As I will be 30 in a few days, it’s time to say goodbye to my dear 20s and solo travel, a decade marked by exploring distant places and introspection.
No more solo travelling
I’ve been to 45 countries, most of them in my 20s. I dedicated a lot of time and money to explore new countries and travel as much as possible. I remember the time I was in a small village in Cuba and they had a blackout. It turned the earth dark and light up the skies. It was the most beautiful sky I’ve seen, full of shiny stars. Another time I was caught up in the Gambia presidential elections, witnessing how history changed as Gambia elected a new president after years of dictatorship. Or just sunbathing on the beautiful and unexplored beaches of Gili Islands. And I’m barely mentioning volcanos, the jungle, ancient temples or skyscrapers.
Solo travel was always my first option, as I am very comfortable travelling by myself. But I got to a point where (I believe) I’m ready for a change. I look around and see many my age settling down and I wonder how is that like. I was never wondering about it before, it’s new to me. So I decided I will not travel alone anymore, “forcing” myself to slow down. Travelling with dear ones should be the same fun as travelling alone. Sometimes change seems scary because you are so used in your old ways that it’s difficult to embrace a new way of doing things.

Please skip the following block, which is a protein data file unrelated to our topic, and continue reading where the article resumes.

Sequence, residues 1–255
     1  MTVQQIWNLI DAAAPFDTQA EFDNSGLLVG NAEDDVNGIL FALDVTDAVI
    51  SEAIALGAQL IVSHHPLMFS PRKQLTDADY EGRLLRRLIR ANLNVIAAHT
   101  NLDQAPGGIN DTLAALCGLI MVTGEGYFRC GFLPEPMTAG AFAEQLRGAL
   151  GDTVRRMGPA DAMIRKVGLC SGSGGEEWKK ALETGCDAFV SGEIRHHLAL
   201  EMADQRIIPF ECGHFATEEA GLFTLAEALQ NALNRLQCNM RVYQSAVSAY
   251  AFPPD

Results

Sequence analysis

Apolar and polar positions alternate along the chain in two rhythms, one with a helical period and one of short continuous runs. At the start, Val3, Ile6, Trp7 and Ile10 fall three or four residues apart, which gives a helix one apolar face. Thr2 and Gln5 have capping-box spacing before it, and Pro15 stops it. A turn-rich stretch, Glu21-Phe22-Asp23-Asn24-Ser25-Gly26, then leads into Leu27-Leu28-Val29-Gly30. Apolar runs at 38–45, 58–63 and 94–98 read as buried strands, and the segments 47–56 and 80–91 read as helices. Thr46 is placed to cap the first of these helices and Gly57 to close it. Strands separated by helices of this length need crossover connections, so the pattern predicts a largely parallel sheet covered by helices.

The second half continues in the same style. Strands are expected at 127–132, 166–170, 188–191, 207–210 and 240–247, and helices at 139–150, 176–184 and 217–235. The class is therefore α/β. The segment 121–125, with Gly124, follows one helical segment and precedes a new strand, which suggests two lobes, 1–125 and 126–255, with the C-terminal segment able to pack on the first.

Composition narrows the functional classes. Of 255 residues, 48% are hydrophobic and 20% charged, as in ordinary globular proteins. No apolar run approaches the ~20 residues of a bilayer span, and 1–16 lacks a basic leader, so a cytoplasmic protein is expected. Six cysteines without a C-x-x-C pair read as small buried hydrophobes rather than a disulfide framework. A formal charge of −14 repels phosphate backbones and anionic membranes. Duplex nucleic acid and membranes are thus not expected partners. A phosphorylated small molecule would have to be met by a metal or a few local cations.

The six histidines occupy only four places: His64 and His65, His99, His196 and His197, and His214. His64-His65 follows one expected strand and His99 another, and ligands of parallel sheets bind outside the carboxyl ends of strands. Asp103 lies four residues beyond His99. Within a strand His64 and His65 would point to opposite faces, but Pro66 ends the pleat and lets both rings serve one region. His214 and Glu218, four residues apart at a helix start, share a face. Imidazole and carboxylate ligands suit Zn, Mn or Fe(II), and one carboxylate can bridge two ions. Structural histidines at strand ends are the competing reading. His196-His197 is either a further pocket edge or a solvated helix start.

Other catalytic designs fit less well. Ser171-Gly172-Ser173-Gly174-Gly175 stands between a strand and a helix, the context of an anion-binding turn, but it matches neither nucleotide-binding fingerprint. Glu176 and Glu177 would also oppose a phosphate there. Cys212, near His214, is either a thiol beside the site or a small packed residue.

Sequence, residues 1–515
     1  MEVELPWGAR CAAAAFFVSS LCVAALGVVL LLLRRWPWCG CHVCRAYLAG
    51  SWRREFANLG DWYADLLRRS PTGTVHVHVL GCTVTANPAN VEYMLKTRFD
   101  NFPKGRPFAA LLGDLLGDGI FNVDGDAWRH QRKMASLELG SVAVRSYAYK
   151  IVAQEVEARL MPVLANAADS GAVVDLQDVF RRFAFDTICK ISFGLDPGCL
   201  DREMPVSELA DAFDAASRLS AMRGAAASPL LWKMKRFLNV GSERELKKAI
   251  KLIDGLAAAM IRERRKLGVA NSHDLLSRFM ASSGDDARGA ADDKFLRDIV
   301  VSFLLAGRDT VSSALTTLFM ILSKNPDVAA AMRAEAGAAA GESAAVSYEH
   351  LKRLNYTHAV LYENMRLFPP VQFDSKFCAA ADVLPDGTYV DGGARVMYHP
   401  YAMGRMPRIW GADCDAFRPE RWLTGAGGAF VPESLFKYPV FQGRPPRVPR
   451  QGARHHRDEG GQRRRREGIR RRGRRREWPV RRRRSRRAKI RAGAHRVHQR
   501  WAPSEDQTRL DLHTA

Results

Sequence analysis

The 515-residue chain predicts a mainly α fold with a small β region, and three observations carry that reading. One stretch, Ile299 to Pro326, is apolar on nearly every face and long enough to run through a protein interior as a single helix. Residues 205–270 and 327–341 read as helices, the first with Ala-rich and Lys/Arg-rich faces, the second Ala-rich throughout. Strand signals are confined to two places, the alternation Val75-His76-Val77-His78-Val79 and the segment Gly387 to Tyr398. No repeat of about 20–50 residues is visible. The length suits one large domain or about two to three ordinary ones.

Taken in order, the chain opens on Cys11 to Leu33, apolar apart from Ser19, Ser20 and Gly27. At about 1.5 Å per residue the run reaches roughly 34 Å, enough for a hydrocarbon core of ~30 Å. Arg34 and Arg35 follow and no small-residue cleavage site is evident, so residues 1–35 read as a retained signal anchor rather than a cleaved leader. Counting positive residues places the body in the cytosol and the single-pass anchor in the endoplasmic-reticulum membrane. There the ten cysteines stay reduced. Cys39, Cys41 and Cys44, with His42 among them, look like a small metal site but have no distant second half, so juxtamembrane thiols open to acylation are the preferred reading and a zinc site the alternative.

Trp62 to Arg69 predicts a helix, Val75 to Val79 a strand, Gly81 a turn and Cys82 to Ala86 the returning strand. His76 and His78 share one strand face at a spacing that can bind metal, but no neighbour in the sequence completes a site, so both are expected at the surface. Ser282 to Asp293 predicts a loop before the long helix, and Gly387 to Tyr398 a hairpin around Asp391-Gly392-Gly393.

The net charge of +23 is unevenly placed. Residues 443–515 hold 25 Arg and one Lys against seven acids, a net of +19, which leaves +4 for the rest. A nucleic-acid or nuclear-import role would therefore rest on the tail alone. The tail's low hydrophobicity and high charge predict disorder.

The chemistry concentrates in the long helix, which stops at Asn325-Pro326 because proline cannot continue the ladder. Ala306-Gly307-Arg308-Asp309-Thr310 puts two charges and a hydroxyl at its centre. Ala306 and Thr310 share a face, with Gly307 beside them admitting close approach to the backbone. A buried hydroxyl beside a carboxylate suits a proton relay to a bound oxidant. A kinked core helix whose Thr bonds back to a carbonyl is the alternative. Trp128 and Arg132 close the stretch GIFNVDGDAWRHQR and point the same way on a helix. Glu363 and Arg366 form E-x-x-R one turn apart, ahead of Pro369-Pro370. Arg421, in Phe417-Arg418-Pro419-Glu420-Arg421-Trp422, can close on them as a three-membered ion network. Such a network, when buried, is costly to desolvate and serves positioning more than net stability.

You probably wonder what made a passionate and restless solo traveller to want to settle down? Is it true love? Sorry to disappoint, but there is no cheesy love story. It’s actually a sad story.
I was finally living my Singapore
Now I’m feeling much better and I’m also starting to write again. Life in Singapore is so convenient and easy. Even after all what happened, it would be wrong for me to say it’s hard. I transferred with my work here, I don’t work crazy hours and neither many of my colleagues. Food is so cheap and diverse I eat out every meal. Transport is very well connected and affordable. There is a shopping mall on every corner. Everything is clean, easy and accessible. People are polite and quiet. It’s one of the safest countries in the world. As some locals say, it’s boringly safe.
Sounds like an ideal place to live, but is it really? Some of my Romanian friends here compare it to a golden cage or the perfect woman – a mirage. There are many restrictions and the city invites you to be superficial. I have yet to discover more about the Lion city, as I have lived here just over 6 months.
When I started my 20s I was a student in Bucharest, with big dreams and no travel experience. Now I greet my 30s as an expat in Singapore, having explored half the world. I could not imagine that my 20s will be filled with so many travels and adventures. Or that I would write dozens of blog posts about it. If you ever feel stuck, compare yourself with an “old self” and you will be amazed by how much you’ve achieved.
Happy birthday to me!